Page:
Learning harmonic mixing = leveling up as a DJ.

Mixes will become tighter, smoother, and more sonically diverse.

You’ll be able to gear the energy of your set up and down to get the dancefloor moving at the optimum intervals.

Take your mix from darker, more atmospheric beginnings to soaring, high-energy dance floor slammers. You’ll be able to control the melodic content of your mix rather than just venturing in blind.

This is crucial for genres with high melodic content – if you accidentally go from a high-energy upbeat tune to a downbeat, atmospheric song then you could kill the energy of your entire mix!

There are tons of reasons to try harmonic mixing:

  • Glue tracks together despite changing melodies and styles
  • Execute awesome transitions
  • Seamlessly blend ambient intros/outros
  • Keep the dancefloor rocking during your set’s peak
  • Take the audience on a sonic journey
  • Mix like the pros!

Harmonic Mixing Basics: Know Your Keys

First things first, you’ll need to know and understand the keys of your tracks.

There are 24 keys in total, 12 on the major scale and 12 on the minor scale.

Keys refer to groups of notes that are harmonically related.

If you don’t have music theory knowledge then don’t worry – you really don’t strictly need to know anything about music theory to practice harmonic mixing.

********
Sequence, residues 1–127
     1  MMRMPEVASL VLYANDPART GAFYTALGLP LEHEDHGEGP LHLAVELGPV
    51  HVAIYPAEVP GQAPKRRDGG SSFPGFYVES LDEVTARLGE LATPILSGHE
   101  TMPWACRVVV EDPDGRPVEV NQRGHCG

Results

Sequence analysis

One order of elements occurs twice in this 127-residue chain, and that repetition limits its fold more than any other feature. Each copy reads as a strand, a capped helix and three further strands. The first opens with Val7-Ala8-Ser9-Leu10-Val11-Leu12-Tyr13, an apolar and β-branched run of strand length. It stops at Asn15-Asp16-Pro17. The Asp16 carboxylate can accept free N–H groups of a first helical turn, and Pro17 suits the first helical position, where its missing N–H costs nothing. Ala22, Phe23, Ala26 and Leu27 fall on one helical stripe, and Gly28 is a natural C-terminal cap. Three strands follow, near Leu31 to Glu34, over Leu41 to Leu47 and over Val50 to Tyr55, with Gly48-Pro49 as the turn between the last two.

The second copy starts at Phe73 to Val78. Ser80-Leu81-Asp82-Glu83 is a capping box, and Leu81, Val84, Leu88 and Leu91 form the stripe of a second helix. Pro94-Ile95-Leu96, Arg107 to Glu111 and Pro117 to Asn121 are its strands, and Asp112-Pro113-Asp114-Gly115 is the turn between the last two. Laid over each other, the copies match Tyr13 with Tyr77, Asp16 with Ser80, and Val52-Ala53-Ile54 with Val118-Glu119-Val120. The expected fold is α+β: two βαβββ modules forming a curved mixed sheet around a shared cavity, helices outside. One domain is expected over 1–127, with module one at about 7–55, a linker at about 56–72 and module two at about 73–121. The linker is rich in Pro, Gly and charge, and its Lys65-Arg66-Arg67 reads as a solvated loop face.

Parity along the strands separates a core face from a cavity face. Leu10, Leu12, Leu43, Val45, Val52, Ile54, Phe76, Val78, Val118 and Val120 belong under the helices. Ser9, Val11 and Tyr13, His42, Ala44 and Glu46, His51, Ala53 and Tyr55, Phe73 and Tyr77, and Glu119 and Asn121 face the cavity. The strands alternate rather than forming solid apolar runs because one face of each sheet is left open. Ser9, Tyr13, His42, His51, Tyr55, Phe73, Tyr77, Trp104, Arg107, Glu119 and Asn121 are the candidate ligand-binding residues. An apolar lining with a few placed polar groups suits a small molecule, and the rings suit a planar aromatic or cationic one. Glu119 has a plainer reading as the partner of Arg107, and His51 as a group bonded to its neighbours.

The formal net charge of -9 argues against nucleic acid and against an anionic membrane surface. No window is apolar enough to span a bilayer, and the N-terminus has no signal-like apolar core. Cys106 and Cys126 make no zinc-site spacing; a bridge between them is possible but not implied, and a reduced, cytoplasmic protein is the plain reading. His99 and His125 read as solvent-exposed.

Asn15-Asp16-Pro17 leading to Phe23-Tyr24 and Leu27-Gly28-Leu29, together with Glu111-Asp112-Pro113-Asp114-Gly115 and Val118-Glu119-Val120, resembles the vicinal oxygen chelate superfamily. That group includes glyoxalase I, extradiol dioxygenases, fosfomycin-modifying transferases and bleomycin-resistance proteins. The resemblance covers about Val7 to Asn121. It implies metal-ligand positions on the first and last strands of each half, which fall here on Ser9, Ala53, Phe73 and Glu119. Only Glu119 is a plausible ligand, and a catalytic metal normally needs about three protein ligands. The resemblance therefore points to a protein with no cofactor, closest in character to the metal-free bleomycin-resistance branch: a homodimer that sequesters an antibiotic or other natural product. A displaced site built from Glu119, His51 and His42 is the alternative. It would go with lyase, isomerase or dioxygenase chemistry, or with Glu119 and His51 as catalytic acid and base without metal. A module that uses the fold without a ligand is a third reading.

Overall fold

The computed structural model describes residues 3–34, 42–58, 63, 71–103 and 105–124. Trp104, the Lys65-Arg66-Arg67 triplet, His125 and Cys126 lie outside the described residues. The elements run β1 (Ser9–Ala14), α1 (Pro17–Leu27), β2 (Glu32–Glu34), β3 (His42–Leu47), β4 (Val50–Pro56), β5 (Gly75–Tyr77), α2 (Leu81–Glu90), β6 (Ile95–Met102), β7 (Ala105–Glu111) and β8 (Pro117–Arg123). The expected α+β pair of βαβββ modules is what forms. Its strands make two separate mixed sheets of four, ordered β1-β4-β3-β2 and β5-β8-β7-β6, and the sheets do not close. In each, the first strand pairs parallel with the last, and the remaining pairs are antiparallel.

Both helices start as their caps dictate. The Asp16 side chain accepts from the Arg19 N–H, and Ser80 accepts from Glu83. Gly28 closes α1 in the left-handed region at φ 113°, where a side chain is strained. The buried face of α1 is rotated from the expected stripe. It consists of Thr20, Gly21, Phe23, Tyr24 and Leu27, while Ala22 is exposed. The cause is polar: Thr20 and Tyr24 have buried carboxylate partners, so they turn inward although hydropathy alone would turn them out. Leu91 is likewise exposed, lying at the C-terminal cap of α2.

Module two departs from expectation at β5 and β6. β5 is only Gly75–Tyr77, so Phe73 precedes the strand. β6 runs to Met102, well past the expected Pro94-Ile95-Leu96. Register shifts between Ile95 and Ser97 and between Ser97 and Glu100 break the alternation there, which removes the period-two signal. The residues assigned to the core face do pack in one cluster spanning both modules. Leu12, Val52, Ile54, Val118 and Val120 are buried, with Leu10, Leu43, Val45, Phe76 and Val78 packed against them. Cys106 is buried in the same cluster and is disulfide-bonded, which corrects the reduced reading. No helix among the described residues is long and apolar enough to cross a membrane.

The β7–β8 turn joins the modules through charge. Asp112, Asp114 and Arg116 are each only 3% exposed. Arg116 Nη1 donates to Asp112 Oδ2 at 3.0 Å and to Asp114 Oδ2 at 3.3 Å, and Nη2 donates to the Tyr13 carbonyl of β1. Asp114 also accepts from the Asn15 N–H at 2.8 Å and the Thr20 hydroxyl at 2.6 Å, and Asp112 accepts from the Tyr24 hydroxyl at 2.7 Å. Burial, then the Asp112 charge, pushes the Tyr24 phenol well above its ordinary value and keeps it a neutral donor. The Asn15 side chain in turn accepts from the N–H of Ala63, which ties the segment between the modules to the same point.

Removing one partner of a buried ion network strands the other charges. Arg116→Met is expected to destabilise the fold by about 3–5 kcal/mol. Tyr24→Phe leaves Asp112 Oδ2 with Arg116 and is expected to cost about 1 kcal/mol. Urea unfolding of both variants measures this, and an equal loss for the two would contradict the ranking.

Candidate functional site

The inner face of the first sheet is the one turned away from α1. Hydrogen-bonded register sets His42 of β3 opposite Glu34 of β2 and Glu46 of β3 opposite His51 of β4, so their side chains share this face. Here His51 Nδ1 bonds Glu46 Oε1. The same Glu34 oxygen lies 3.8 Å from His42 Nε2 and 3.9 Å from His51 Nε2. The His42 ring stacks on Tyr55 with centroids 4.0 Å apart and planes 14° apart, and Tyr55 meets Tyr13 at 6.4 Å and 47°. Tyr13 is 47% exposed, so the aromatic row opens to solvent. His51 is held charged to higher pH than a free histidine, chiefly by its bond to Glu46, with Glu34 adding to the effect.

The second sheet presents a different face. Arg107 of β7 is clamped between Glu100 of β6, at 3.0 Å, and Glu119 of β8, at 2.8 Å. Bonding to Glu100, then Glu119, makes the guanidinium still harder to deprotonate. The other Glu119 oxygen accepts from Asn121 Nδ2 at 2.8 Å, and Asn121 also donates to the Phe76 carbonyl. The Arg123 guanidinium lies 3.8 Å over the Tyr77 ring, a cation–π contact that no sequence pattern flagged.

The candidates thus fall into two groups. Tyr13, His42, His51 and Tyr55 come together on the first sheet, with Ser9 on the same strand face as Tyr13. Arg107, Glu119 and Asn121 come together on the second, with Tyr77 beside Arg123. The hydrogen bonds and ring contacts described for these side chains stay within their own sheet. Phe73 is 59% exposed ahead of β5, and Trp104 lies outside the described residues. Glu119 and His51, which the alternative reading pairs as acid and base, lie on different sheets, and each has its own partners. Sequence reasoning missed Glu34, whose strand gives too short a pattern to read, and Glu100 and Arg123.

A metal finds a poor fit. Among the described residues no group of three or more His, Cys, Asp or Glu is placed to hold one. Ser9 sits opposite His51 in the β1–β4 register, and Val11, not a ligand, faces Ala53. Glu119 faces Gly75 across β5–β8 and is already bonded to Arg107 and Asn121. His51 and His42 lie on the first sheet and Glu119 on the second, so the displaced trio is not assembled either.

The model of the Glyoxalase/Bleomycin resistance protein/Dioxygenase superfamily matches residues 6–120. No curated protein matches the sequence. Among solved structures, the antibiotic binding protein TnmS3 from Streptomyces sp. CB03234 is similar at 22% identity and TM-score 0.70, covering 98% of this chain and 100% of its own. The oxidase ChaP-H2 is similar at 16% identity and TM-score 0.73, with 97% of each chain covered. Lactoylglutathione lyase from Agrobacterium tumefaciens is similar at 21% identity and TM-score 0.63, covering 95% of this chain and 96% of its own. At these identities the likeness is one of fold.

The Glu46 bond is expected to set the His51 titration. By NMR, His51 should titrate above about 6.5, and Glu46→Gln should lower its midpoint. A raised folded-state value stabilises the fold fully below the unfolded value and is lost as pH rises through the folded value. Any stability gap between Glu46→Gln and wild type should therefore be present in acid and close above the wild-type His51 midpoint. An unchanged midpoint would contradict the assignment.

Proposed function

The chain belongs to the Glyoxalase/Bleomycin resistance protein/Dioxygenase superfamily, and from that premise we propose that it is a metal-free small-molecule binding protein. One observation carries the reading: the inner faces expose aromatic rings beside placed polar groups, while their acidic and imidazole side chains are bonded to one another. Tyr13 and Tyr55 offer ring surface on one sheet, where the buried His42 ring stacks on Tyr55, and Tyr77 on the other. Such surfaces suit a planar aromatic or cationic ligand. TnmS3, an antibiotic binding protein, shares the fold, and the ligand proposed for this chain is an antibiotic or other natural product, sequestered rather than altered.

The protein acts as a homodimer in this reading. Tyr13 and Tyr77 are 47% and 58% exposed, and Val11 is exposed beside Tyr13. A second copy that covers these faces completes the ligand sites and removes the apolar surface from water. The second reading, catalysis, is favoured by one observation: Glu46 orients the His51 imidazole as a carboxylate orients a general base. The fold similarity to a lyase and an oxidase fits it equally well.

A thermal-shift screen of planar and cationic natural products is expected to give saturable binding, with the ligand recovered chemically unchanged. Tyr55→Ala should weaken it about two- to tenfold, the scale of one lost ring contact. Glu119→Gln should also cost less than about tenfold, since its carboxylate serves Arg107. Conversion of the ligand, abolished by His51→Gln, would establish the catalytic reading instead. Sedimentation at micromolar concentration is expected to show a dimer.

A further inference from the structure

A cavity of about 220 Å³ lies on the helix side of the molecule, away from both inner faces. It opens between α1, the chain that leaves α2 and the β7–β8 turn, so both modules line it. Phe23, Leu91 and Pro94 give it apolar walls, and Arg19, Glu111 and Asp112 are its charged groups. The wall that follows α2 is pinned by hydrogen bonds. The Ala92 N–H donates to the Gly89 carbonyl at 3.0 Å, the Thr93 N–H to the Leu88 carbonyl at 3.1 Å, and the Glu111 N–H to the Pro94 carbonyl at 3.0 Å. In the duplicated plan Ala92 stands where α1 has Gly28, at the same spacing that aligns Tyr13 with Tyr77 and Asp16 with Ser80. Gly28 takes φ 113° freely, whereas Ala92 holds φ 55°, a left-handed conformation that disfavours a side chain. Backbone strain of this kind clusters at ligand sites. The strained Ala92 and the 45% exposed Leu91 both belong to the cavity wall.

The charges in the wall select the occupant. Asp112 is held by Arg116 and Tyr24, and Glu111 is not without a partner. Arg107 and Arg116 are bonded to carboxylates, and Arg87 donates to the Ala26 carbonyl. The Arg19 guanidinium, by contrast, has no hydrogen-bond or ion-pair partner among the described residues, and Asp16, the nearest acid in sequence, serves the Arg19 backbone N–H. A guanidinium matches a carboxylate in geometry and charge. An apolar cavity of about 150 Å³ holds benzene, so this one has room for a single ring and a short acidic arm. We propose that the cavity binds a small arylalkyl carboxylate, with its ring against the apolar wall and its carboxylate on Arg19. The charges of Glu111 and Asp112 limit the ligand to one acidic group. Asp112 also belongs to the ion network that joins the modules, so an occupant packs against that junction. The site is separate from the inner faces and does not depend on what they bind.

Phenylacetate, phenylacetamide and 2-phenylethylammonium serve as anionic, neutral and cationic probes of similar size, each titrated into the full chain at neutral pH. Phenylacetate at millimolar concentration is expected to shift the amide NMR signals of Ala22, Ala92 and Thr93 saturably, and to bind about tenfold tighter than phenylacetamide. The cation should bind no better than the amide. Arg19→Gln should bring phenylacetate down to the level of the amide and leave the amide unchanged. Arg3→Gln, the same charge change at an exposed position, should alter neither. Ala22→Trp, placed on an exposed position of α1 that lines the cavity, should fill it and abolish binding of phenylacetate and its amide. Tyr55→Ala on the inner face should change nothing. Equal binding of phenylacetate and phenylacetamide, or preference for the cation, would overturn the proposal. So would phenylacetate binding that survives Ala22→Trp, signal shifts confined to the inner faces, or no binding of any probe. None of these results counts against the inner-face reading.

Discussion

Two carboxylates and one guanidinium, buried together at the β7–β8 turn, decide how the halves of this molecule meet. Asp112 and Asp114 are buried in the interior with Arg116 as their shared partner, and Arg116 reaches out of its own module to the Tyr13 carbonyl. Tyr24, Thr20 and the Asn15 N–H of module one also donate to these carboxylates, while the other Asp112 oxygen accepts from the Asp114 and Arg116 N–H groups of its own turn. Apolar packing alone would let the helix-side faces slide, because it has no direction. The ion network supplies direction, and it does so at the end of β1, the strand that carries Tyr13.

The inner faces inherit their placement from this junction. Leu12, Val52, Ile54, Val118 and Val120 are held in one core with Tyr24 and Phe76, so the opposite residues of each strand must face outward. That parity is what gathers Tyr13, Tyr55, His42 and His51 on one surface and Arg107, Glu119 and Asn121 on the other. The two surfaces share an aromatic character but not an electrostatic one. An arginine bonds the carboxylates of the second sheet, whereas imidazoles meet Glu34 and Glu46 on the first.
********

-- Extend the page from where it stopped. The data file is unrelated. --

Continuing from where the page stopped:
For reference, the major and minor scales are as follows:

The Major Scale

The major scale keys are generally upbeat and energetic. Any happy-sounding upbeat tune is likely produced in a major key.

The 12 keys of the major scale as follows:

  • C
  • C#/Db
  • D
  • D#/Eb:
  • E
  • F
  • F#/Gb
  • G
  • G#/Ab
  • A
  • A#/Bb
  • B

The Minor Scale

The minor scale keys are generally more downbeat and darker.

The minor scale is as follows:

  • A
  • A#/Bb
  • B
  • C
  • C#/Db
  • D
  • D#/Eb
  • E
  • F
  • F#/Gb
  • G
  • G#/Ab

The Camelot Wheel


For DJs that don’t have musical theory knowledge, the Camelot Wheel mixing system was developed to make keys and harmonic mixing much easier to understand and execute.

On the Camelot Wheel, there are 24 segments, all of which represent the 24 keys above.

  • These segments are arranged into two rings.
  • The inner ring represents the minor scale
  • The outer ring represents the major scale.
  • Each key is labeled with a number (from 1 to 12)